When you choose to be a one income family, for the sake of your family, you learn a lot about being thrifty.
Fortunately for me, I can truthfully say that has always been my nature anyway. Practical. Thrifty. Boring. It’s true. One year, when I was 12, I gave my mother rubber gardening shoes for Christmas because the price was right, and it was so very, well…practical. I thought she could use some shoes.
Then I accidentally told her what her gift was. I said I needed a box to wrap the shoes in. Then I cried. And she kinda laughed, in a sympathetic kind of way.
I’m also a very visual person. I love to decorate. On a shoestring budget. One of my favorite things to do is visit thrift stores and antique stores. You can find the neatest things at those places…
I love beautiful, old things. They have a story. So, of course, these framed prints caught my eye from across the room at the local ReStore. I also loved the size, shape, and color of the wood frames.
I had been looking for something to go on either side of the china hutch. I knew I would use the frames at least.
They were marked $2.00 each.
But. They were 20% off.
When I got them home and showed my girls (trust me,my son wasn’t interested…), they said Don’t cover them up! And the more I looked at them, the more I loved them.
Upon close inspection, I realized these were actual magazine pages from an issue of Harper’s Bazar…
dated December 5, 1885.
And we are currently studying that era in history.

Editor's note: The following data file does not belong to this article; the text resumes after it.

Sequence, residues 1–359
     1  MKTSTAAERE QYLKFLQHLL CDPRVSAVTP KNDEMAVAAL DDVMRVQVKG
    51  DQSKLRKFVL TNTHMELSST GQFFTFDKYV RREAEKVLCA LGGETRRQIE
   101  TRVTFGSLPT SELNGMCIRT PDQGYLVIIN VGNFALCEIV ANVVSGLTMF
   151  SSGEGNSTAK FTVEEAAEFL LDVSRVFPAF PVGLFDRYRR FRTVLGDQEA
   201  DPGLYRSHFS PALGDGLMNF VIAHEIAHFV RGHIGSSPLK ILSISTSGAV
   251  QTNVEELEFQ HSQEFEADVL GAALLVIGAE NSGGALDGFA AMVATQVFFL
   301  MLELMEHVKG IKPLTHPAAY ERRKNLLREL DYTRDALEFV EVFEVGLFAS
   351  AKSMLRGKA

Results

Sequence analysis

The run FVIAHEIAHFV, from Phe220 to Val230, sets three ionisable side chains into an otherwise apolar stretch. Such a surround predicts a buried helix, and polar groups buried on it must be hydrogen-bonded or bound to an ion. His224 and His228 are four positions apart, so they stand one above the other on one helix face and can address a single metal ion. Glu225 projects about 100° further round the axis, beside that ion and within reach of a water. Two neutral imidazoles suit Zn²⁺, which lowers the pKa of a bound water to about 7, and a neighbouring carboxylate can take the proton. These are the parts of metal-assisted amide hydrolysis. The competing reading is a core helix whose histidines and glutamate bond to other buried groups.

Instant connection. I love when that happens.
We had so much fun reading the ads on these pages…
including the back when I took them apart.
It really shows what was relevant to people at that time.
So much better than just reading about history in a textbook!
To freshen up my vintage wall art, I decided to paint the mattes. I used a can of white semigloss and a sponge brush, because that’s what I had on hand.
The pages were so well-attatched to the mattes, that I didn’t want to disturb them, so I covered the pages with scrap paper and painted the mattes. I used three coats of white (allowing for drying in between coats) because I wanted the mattes to look crisp and new, since the prints are aged and the frames are rustic. I like contrast.
I reassembled everything, and that was it.
So for a grand total of $3.20, I bought framed, matted, pieces of antique wall art…
and a history lesson to boot.
I hung them in the dining room.
I think they’ll make nice dinner conversation and have every guest squinting to read all the fine print.
For $3.20. Take that, Restoration Hardware. 😉
Just kidding, RH. Thanks for the inspiration. 🙂
If you’re feeling inspired, feel free to pin some pics and leave a comment!